which have made them the most popular retirement plans today. Employees
can benefit from a 401(k) plan even if the employer makes no
contribution. Employees voluntarily elect to make pre-tax contributions
through payroll deductions up to an annual maximum limit ($17,000 in
2012 and $17,500 in 2013).
The plan may also permit employees age 50 and older to make
additional "catch-up contributions" up to an annual maximum limit
($5,500 in 2012 and 2013).
The employer will often match some portion of the amount deferred by
the employee to encourage greater employee participation, i.e., 25%
match on the first 4% deferred by the employee. Since a 401(k) plan is a
type of profit sharing plan, profit sharing contributions may be made in
addition to or instead of matching contributions. Many employers offer
employees the opportunity to take hardship withdrawals or borrow from
Employee and employer matching contributions are subject to special
nondiscrimination tests which limit how much the group of employees
referred to as "Highly Compensated Employees" can defer based on the
amounts deferred by the "Non-Highly Compensated Employees." In general,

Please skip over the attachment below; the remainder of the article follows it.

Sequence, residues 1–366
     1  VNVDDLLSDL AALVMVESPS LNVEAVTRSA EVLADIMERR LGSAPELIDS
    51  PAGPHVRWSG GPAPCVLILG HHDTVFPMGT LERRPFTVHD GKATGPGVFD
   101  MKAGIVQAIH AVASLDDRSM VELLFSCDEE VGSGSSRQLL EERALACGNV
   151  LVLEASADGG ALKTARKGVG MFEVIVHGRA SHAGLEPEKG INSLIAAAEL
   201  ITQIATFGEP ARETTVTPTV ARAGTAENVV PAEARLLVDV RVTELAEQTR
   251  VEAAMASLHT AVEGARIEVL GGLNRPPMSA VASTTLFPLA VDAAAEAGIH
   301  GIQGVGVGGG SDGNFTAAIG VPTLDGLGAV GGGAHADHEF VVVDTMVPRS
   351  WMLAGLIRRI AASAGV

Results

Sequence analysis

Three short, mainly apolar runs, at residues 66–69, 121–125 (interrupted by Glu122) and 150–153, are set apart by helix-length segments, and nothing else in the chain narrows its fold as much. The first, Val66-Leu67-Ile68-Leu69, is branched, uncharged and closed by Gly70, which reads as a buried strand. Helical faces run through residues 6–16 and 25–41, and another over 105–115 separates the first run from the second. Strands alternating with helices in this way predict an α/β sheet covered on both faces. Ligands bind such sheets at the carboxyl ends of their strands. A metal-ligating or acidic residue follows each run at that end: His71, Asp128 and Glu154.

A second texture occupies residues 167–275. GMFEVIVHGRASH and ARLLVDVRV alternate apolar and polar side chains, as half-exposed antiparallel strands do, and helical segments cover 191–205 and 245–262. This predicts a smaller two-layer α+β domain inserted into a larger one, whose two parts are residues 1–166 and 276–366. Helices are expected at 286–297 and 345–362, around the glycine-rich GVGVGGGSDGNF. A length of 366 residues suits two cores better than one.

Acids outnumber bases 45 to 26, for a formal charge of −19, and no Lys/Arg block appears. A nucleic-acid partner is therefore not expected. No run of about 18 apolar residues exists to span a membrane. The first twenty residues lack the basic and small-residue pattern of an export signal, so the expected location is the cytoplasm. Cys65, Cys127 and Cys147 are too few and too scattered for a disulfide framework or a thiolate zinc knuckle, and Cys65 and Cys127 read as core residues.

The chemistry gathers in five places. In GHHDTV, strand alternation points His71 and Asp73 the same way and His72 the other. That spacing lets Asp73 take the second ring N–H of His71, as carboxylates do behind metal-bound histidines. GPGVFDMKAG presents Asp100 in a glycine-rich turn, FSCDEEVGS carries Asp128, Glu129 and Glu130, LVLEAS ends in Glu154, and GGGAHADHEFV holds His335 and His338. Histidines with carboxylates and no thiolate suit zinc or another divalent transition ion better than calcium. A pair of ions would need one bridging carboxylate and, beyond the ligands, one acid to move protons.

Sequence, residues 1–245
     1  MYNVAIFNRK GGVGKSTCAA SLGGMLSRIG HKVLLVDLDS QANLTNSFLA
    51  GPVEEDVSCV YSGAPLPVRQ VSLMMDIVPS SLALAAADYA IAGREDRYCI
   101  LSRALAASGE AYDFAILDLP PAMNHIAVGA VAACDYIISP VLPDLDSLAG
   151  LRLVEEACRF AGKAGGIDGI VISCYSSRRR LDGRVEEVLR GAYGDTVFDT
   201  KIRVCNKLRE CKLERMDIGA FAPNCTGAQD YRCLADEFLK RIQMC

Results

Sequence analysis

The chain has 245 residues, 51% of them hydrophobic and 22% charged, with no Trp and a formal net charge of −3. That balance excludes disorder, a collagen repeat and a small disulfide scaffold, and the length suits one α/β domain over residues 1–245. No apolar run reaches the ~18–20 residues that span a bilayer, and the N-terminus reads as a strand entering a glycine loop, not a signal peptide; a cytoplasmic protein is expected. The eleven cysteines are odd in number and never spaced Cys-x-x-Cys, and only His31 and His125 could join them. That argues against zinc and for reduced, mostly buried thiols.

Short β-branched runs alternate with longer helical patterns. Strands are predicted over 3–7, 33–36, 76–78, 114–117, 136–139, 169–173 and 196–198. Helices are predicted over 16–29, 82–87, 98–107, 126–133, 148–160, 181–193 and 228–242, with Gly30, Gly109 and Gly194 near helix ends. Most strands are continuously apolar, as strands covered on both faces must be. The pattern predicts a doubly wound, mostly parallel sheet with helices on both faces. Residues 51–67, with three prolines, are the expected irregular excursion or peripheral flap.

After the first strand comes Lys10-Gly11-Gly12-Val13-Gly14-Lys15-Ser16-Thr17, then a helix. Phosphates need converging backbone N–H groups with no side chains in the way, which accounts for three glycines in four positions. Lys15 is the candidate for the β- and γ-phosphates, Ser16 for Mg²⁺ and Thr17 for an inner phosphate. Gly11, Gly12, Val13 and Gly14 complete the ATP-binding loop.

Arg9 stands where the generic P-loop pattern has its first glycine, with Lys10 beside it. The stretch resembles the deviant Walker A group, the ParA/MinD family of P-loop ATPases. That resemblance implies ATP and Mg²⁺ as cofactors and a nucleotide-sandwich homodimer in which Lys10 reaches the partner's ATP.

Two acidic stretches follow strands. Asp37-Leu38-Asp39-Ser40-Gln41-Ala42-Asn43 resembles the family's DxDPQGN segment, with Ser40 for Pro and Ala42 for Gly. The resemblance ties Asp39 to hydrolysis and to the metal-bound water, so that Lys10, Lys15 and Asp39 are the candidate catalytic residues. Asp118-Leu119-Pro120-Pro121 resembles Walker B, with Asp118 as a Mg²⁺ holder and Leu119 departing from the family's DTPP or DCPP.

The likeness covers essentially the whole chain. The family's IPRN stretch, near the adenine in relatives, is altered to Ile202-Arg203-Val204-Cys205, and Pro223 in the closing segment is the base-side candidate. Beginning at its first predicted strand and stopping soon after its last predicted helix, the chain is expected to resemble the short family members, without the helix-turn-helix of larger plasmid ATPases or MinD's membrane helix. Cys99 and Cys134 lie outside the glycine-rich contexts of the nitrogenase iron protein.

employees who fall into the following two categories are considered to
be Highly Compensated Employees:
- An employee who owns more than 5% of the employer at any time
during the current plan year or preceding plan year (stock attribution
rules apply which treat an individual as owning stock owned by his
spouse, children, grandchildren or parents); or
- An employee who received compensation in excess of the indexed
limit in the preceding plan year (indexed limit is $115,000 for 2012
and 2013). The employer may elect that this group be limited to the
top 20% of employees based on compensation.
401(k) Safe Harbor Plans: The plan
may be designed to satisfy "401(k) Safe Harbor" requirements which can
eliminate nondiscrimination testing. The Safe Harbor requirements
include certain minimum employer contributions and 100% vesting of
employer contributions that are used to satisfy the Safe Harbor
requirements. The benefit of eliminating the testing is that Highly
Compensated Employees can defer up to the annual limit ($17,000 in 2012
and $17,500 in 2013) without concern for what the Non-Highly Compensated
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New Comparability Plans
New comparability plans, sometimes referred to as "cross-tested